A new propeller has been on my list of upgrades for a long time and after a lot of research and a fair bit of input from the Tailwind Group, I decided to go with a Whirlwind ground adjustable. They have a model which is made specifically for the Continental O-200. Some of the others I considered were Catto, Sterba, Prince, and Ivoprop, but ultimately I wanted something that I could fine-tune which narrowed the list to Whirlwind and Ivoprop. Not being able to find any online testimonials or videos about the Ivoprop and the fact that Jim Rust (the owner of Whirlwind) built a Tailwind helped me choose the Whirlwind GA-200CN model. Unfortunately they produce this model only in 70 and 72-inch diameters which would legally be too long for my airplane.
Legally too long. What are you talking about?
I was never aware of this, but there is a specification found in 14 CFR § 25.925 – Propeller Clearance that states how long your propeller can be. More specifically, § 25.925(a) describes the minimal amount of ground clearance the blades are allowed to have and it varies based on whether the the propeller is installed on a tricycle or tailwheel airplane. To paraphrase, “There must be a clearance of at least nine inches (for each airplane with tail wheel landing gear) between each propeller and the ground with the landing gear statically deflected and in the level takeoff, or taxiing attitude, whichever is most critical.” My previous propeller was 68″ and provided 8-inches of ground clearance in level take-off attitude which meant all this time I had been flying with a propeller that was legally too long.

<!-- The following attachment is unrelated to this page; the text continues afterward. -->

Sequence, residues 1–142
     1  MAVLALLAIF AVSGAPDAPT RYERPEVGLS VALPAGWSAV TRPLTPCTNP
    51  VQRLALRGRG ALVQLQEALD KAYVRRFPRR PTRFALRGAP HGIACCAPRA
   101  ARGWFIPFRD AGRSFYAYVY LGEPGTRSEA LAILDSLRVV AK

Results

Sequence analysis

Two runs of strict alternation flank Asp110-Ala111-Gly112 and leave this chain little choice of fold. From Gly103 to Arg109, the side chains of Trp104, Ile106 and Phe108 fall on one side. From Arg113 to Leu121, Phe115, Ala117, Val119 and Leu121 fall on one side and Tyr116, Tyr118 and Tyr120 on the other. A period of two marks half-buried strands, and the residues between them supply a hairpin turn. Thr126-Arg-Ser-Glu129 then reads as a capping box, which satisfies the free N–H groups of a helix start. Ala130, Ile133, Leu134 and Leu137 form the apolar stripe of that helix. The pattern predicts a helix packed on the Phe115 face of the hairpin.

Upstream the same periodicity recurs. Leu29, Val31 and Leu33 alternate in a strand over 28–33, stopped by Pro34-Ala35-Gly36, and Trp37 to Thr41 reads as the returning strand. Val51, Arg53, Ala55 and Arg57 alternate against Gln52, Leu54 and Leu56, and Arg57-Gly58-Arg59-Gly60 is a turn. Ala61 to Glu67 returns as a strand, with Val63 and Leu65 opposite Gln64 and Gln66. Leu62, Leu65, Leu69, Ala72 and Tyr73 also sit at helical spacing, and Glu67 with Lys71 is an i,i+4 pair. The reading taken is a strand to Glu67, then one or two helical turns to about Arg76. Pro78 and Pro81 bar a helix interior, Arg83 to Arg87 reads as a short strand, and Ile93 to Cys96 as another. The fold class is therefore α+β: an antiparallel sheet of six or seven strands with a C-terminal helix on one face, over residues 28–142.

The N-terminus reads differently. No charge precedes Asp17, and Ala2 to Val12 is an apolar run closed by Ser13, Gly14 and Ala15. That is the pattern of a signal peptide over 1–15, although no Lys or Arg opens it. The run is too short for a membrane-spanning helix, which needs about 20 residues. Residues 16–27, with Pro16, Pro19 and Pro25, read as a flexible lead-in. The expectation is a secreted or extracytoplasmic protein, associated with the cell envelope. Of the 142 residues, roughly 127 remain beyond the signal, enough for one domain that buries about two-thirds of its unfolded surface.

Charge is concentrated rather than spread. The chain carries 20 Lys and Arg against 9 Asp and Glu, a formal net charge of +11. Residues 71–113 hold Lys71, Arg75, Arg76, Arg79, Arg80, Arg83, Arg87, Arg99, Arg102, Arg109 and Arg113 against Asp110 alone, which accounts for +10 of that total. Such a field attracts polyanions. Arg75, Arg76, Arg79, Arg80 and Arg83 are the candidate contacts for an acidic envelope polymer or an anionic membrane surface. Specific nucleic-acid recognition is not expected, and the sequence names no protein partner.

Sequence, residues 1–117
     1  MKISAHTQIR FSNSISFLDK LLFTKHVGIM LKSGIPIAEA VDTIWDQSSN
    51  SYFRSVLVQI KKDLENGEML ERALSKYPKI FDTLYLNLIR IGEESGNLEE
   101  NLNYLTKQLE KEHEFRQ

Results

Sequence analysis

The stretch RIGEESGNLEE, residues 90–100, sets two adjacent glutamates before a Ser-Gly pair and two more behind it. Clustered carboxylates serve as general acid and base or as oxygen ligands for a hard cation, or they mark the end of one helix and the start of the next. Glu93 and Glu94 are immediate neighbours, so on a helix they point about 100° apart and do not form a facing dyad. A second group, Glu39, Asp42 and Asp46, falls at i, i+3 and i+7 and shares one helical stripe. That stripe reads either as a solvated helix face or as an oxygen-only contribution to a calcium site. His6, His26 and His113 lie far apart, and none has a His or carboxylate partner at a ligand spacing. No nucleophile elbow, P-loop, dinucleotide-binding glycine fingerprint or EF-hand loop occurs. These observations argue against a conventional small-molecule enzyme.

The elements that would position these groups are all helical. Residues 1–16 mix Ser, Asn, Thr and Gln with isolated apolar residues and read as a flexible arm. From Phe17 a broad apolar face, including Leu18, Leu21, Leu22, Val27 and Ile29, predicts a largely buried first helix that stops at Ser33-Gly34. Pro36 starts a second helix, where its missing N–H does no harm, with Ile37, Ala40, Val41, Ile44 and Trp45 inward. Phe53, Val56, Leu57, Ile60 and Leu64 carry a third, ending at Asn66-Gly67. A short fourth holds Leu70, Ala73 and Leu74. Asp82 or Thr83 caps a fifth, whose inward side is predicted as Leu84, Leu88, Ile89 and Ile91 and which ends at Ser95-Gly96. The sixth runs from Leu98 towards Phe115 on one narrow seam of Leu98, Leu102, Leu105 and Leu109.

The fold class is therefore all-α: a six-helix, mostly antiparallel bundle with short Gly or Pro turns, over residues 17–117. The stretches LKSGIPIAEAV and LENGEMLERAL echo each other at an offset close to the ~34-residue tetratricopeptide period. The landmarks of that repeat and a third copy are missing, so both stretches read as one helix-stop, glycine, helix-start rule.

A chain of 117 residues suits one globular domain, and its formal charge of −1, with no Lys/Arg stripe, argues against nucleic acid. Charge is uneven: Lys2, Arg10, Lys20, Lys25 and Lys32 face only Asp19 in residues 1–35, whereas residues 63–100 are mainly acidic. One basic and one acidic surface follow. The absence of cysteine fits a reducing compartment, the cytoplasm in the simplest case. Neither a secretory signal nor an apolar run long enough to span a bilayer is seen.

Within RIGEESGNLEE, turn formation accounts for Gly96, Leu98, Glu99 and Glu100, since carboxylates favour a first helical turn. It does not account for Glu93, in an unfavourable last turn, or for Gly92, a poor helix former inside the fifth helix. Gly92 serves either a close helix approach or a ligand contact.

When placing my order with Whirlwind (in September 2016), they told me they could not make a propeller that was shorter than 70-inches and if I wanted it shorter I would have to modify it myself. Lucky for me, about a week after I ordered the propeller, I got a call from Patti Rust at Whirlwind. She said, “I have good news and bad news. The bad news is we haven’t been able to get started on your propeller yet, but the good news is one of our customers canceled his order for a 66-inch propeller so if you want it, we can send it to you.” I didn’t ask questions about why they couldn’t modify a propeller for me, but they could modify it for someone else. Instead, I assured her that YES I wanted it and within a few days I had my propeller. Total cost was $2500 + $75 shipping. I purchased the carbon fiber spinner at a later date for $375 + $50 shipping.